Although I’m a big fan of Xmarks for synchronizing browser info between multiple devices, I don’t want to overlook Mozilla’s Weave project. I looked at a very early version of the prototype service, but it wasn’t ready for prime-time at version 0.2.0. Actually, any software or service with a leading version number of zero probably isn’t what you’d use on a daily basis, but I think Weave is getting closer to that “version one” status.
The project just hit 0.5.0, and although I haven’t tried it yet, it does extend the feature set in these areas:
- Major performance improvements during upload and download.
- Sync waits until you’re not actively using the browser.
- Improved support for bookmark tags and smart folders.
- Support for changing passwords and pass phrases.
- Support for Fennec on Windows Mobile and Firefox on x86 OpenSolaris.
The last aspect is the biggest value-add for Windows Mobile handset owners. Obviously, the Mozilla Fennec browser is still in an alpha state for Windows Mobile, so the audience isn’t widespread. But for the few folks using it on a handheld, it will sync bookmarks and other browser data between Firefox on the computer and Fennec on the phone.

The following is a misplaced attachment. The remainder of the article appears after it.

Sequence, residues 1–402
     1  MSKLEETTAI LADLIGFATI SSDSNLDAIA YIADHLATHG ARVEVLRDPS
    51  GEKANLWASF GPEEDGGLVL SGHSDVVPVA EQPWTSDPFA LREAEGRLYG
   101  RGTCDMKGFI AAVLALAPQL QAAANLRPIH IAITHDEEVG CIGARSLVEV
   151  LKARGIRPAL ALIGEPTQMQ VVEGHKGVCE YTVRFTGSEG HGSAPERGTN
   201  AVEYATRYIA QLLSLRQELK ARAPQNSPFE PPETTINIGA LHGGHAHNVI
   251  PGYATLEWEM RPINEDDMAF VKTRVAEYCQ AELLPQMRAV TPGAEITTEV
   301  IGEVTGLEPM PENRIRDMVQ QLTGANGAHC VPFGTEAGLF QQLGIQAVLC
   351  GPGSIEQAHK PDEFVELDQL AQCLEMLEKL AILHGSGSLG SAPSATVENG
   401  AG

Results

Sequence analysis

While I’m interested in Weave, I don’t know that the closed approach Mozilla is taking is the best one. Support for browser synchronization is limited to Mozilla browsers, and the data is on Mozilla servers. Xmarks, on the other hand, supports multiple browsers: Internet Explorer, Firefox and Safari. And you can run a local Xmarks server so that your browser data is completely under your control. I’m not writing off Weave by any means, but at this point, the closed approach is looking less attractive to me. How about you?